Lunenburg Fire Chief Patrick Sullivan, firefighters Skyler Kozloski, Benjamin Boudreau and Tyler Pelkey, and Fred LeBlanc, MWCC Fire Science Technology program coordinator and former Leominster Fire Chief.
Three Mount Wachusett Community College students are receiving hands-on training as on-call firefighters with the Lunenburg Fire Department while pursuing their college degree in Fire Science Technology.Tyler Pelkey, 20, of Lunenburg, Skyler Kozloski, 20, of Fitchburg, and Benjamin Boudreau, 19, of Leominster, all certified Emergency Medical Technicians, have spent the past year serving overnight shifts at the fire station as part of the unique “live-in” component of MWCC’s associate degree program.
Concurrent with their academic training and experience with the department, the trio completed 240 hours of training over the past four months with the Massachusetts Firefighting Academy’s Call/Volunteer Training Program. They graduated on Nov. 5, and are now fully appointed members of the Lunenburg department as on call firefighters.
“Lunenburg has been an outstanding host of this program and has supported us throughout the Fire Science Technology program,” said MWCC program coordinator Fred LeBlanc, a former chief of the Leominster Fire Department.
MWCC’s Fire Science program is based on a model curriculum established by the National Fire Academy. This model establishes a Fire and Emergency Services Higher Education (FESHE) network of emergency services related to education and training providers. The national model provides an integrated, competency-based system of fire and emergency services professional development. The FESHE curriculum is transferable toward a bachelor’s degree, and the National Fire Academy also issues certificates to students completing the core courses of the associate degree.
The Massachusetts Firefighting Academy training applies toward the college degree as a three-credit college course, Principles of Emergency Services, and also provides 25 of the 40 continuing education hours that EMTs need to complete every two years as part of their certification, LeBlanc said.
All three students have aspired to work as firefighters since childhood, and expressed gratitude for the Lunenburg Fire Department and MWCC for the opportunities presented through the partnership.
Pelkey will earn his associate degree in December and plans to transfer his credits toward a bachelor’s degree. He is following in the footsteps of his father, who was a firefighter in the Air Force and in Concord, Mass.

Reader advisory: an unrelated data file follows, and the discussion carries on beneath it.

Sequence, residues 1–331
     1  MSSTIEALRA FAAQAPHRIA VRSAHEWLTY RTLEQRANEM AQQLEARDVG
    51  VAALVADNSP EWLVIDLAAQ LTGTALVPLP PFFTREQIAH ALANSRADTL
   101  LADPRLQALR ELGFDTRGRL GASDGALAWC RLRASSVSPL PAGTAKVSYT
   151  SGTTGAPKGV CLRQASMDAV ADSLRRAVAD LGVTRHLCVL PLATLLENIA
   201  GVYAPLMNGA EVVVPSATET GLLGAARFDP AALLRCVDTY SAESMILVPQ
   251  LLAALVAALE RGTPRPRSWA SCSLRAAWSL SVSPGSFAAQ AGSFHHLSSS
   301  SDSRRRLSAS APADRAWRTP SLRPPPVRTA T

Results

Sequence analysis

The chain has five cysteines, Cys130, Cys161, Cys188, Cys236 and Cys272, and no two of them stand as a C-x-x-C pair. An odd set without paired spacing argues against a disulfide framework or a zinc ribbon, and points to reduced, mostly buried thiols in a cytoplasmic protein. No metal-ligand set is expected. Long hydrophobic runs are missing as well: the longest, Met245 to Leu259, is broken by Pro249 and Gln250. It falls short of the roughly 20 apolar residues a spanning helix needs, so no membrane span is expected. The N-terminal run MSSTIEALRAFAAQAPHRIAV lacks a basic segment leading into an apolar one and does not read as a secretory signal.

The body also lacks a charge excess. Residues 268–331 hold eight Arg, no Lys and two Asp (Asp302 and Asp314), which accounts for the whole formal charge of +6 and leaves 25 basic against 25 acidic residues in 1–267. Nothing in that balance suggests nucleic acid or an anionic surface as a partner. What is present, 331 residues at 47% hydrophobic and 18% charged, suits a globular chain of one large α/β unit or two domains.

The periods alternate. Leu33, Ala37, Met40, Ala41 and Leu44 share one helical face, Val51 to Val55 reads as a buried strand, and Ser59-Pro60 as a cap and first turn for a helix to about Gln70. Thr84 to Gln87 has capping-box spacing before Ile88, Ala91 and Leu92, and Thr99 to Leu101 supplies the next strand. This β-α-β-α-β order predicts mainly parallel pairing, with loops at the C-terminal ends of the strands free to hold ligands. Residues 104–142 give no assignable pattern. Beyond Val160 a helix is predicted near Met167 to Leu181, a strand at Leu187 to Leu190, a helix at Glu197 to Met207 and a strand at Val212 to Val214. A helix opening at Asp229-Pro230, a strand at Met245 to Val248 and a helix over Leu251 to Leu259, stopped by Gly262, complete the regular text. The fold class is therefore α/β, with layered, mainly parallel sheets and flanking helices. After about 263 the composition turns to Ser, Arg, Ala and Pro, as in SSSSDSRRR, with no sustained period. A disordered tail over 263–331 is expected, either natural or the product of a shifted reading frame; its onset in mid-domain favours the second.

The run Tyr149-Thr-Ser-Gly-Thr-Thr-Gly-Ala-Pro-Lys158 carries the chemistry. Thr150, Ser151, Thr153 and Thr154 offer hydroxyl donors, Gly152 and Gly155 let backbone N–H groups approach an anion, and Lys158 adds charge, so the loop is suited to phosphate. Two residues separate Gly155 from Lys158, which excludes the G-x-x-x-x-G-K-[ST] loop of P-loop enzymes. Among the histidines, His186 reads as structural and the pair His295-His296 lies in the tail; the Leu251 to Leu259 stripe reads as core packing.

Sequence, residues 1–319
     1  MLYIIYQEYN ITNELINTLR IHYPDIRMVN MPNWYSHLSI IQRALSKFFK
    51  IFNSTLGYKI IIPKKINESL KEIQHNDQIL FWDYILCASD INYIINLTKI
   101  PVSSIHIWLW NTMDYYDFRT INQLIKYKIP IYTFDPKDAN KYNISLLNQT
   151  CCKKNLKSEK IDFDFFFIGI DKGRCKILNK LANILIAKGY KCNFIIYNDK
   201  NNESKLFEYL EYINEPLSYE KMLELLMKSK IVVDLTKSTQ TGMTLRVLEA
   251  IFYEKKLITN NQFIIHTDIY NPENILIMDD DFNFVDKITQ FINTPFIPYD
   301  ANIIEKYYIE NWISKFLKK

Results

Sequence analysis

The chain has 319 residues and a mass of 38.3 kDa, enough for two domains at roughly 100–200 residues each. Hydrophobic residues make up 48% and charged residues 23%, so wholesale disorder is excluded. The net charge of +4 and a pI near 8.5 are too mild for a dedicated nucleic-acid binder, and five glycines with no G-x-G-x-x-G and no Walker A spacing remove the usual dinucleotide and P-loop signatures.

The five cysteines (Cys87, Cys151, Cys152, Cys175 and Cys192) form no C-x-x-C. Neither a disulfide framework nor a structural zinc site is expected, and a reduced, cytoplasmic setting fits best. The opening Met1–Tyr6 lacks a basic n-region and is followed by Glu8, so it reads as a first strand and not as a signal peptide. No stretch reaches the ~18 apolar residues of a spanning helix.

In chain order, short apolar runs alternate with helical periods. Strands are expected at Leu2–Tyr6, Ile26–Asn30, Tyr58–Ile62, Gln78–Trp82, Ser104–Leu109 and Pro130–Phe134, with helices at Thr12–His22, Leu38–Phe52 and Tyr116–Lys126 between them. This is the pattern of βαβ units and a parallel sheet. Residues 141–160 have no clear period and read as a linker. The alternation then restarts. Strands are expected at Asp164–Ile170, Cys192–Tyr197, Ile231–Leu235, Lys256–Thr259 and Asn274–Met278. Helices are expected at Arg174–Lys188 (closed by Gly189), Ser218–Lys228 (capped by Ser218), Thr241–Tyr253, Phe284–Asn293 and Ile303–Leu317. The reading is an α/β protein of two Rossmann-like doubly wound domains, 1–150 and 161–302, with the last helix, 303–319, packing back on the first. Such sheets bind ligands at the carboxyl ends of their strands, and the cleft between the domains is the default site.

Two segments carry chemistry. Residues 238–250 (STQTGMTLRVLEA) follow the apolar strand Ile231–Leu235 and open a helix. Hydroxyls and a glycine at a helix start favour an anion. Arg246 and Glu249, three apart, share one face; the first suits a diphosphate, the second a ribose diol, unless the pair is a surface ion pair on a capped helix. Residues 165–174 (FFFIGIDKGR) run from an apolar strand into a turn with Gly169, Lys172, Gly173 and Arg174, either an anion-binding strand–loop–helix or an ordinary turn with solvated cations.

Kozloski was inspired to become a firefighter after watching the film “Ladder 49,” and Boudreau made his career choice after shadowing members of the Leominster Fire Department. “I like to help out. I can’t really seeing myself doing anything other than that,” he said of his chosen profession.
Fire Chief Patrick Sullivan praised the academic program and its live-in component. “I wish they had this when I was going to school. This program has worked out very well for us and it has worked out well for them because it gives them experience, training and a foot in the door. The training and experience they have gained will serve them well as they move on in their fire service careers.”
The program covers a wide range of topics necessary for today’s professionals, from medical emergencies to hazardous materials and recognizing potential public safety threats. Students can opt in to the live-in component of MWCC’s academic program. It is not a requirement of the degree, but helps make the graduates much more marketable when searching for a job, Sullivan said.
“In the last 20 to 30 years the job has become much more technical. Years ago, most people thought all you needed to be a firefighter was a strong back and a lot of bravery.” Sullivan said.
“Those traits are still needed today, but there is so much more to the job. We still use the term fire department out of tradition, but it is more of an all-hazard response agency. We deal with fires, medical emergencies , hazardous materials as well as specialized rescue situations, code enforcement and safety education. The old saying “When all else fails, call the Fire Department” still applies today.”